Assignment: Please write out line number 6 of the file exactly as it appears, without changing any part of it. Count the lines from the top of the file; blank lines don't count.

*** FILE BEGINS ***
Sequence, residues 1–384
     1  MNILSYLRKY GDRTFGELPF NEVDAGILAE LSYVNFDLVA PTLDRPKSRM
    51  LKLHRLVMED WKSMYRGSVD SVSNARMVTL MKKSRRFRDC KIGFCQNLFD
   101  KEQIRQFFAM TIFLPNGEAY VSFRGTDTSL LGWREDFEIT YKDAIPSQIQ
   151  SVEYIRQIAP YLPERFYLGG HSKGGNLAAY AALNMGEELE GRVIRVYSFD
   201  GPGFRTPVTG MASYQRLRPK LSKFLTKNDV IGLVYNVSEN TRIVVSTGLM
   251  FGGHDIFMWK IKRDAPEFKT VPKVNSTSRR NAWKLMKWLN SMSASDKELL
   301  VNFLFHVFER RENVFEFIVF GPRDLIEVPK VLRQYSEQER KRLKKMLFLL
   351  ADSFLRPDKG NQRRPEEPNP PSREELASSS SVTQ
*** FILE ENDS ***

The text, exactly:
   201  GPGFRTPVTG MASYQRLRPK LSKFLTKNDV IGLVYNVSEN TRIVVSTGLM